Special emphasis is given to the category of net financial assets and flows of monetary wealth on that level, which forms the key of Stützel’s theory of business cycles that we adopt. It allows for a precise distinction between “real” and “purely financial” transactions and to conceptualize balances of trade and on current account. Morris Copeland’s flow of funds accounts do not include that balance – or any balances, for that matter – therefore it is no wonder sources and uses do not add up to the same number as they should (Perry Mehrling vaguely notices some symptoms of this, but does not fix it – click on the link and watch 4:45 to 10:00).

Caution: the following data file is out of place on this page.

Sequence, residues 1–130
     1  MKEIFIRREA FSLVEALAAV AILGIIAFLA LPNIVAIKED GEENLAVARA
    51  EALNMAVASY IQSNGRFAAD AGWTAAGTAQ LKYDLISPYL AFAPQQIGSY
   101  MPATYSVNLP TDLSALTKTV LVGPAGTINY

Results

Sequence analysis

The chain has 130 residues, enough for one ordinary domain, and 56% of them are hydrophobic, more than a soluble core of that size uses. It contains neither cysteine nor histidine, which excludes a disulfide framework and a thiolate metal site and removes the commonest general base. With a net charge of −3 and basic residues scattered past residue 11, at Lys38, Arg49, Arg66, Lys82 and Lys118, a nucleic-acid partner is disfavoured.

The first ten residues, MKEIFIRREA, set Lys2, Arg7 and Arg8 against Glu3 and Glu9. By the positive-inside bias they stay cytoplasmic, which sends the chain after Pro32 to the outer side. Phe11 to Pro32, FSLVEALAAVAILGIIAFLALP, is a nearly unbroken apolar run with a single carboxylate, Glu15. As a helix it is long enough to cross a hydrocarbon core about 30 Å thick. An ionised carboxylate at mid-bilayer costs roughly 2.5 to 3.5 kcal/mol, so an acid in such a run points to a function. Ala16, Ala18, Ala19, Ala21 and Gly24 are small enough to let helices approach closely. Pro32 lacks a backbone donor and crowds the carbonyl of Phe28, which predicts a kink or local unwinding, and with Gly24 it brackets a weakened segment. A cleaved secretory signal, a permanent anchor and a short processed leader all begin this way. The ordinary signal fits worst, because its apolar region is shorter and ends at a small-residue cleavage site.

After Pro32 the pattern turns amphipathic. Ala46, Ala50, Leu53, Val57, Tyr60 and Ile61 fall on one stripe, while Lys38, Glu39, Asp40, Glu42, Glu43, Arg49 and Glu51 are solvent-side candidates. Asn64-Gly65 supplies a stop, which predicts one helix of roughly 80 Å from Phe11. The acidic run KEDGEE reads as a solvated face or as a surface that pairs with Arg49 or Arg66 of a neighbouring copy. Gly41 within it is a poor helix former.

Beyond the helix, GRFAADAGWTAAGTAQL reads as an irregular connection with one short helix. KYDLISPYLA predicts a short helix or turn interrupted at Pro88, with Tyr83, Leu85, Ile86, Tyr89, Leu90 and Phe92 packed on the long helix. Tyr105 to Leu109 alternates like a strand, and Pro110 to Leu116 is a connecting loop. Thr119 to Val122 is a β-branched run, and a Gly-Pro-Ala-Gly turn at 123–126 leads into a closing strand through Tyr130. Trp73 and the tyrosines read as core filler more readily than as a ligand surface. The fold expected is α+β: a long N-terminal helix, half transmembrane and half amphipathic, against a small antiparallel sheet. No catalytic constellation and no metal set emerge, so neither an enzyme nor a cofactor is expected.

Nicolas takes this more precise accounting system up to our legally grounded version of the sectoral balances approach (routinely used in national accounting), which connects micro to macro accounting and then serves as a foundation for an ex ante macro model of business cycles within a circular flow model of a closed economy.
Thomas’ Weiss builds on that and takes this further into macroeconomics, presenting an overview over Wolfgang Stützel’s Theory of Business Cycles. Stützel used the sectoral balances approach to build a coherent theory of business cycles that renders superfluous the controversy between Keynesians and Anti-Keynesians, which was epitomized in 2015/16 by the clash between Yanis Varoufakis and Wolfgang Schäuble. It is still present today between an apparent new quasi-Keynesian consensus forming internationally, vs. the old german austerity & export surplus strategy, now put into practice by new finance minister Olaf Scholz (SPD) who retained most of Schäuble’s personnel in the ministry of finance.